In the early 1970s, Buzz magazine was essential reading for young British Christians of a sort of evangelical persuasion.  Sometime between 73-75, in one of their monthly issues, they included the free gift of a sampler record (a thin, floppy piece of plastic).  There were perhaps four or five songs on it?  One was certainly ‘Love Song’ from the band and the album of the same name.  One might have been the artist Honeytree?  (maybe not).  One might even have been the Water into Wine Band.  But one track was certainly ‘Easter Song’ from a band with the unlikely title of The Second Chapter Of Acts, and their name tells you straight away their context: a young band excited by Pentecostal outpourings of Holy Spirit reality.

It’s a cliché, but I’ll say it anyway: the song was an absolute breath of fresh air.  There was such a vivacity and a vitality in it which perfectly suited it as a celebratory anthem of resurrection victory and joy.  From the first ‘Hear the bells ringing…’ it sustained a pace of breathless excitement –and the harmonies were sweet, tight, effortless in their swooping and blending.

The group acquired shape and personality in subsequent days as we learnt more about them –a brother and two sisters team, driven it would seem by elder sister Annie, married to music producer Buck Herring.  Siblings Nelly and Matthew Ward were, one imagined, encouraged along in a vibrant faith and into musical ministry, by their big sister. Subsequent albums never quite had the magical effect of this first, especially as we moved into the prevailing 80s’ style of ‘the thinner the content the glossier the overproduction’.But some things remained constant: Matthew Ward’s extraordinary ‘soulful’ voice, for one; for another, Annie’s enduring creative integrity.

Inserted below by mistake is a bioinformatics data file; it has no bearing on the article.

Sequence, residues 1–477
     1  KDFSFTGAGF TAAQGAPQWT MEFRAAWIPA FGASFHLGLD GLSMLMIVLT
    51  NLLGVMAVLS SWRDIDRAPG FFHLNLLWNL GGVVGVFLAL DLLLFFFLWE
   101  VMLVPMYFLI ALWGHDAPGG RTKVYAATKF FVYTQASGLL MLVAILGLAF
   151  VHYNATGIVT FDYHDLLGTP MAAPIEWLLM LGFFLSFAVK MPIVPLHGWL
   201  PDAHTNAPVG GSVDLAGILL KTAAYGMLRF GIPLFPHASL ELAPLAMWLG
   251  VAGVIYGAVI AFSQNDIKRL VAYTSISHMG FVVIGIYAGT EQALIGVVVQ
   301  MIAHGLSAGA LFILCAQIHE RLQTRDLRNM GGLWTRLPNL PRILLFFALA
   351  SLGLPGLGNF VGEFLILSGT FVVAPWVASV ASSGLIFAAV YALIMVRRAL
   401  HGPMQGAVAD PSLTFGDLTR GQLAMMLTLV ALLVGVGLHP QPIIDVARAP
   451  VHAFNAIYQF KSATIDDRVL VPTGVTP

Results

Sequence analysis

We saw them, in the mid 1980s, performing in Bristol.  ‘You won’t enjoy it,’ someone had told us (‘you can’t go back to that cheesy naivete’ is what he meant).  But despite all odds and despite the hairstyles,we did enjoy it.   I recall Annie leading us in an acapella rendition of the hymn ‘Holy holy holy’ – and the band’s driving, joyous worship was tried and tested:okay, a little world weary maybe, but in its context, a significant beacon. And this particular anthem has earned its place as something of a standard, perhaps. So, come on..’Hear the bells ringing, they’re singing…’

18. AS THE RUIN FALLS – Phil Keaggy

I stumbled back onto this, a few days ago, after a gap of 30 years or more, and it stirred up a lot of thoughts.  (Also, I was rather surprised about how well I remembered it, and could sort of sing along, despite its fairly intricate construction.)

Here are some of the thoughts it brings to mind.  I’ve already and elsewhere touched upon the winds of change in the 1960s: renovations, reawakenings and renewals in the global Christian church, and the inevitable innovations it brought to forms and expressions of music both in ‘worship’ and in reflective/performance/message-conveying formats.  For bad or good, this spawned a new industry in the 60s and 70s –the ‘Christian music industry’.  Mostly bad, it began to seem, since capital-minded corporations suddenly discovered a new niche market to exploit, and surely that couldn’t be good?  Initially excited by what was being produced –and I’m talking mainly ‘performance’  output here – I soon sort of lost track of what the industry was all about, and sadly felt that in many ways the industry itself had, too.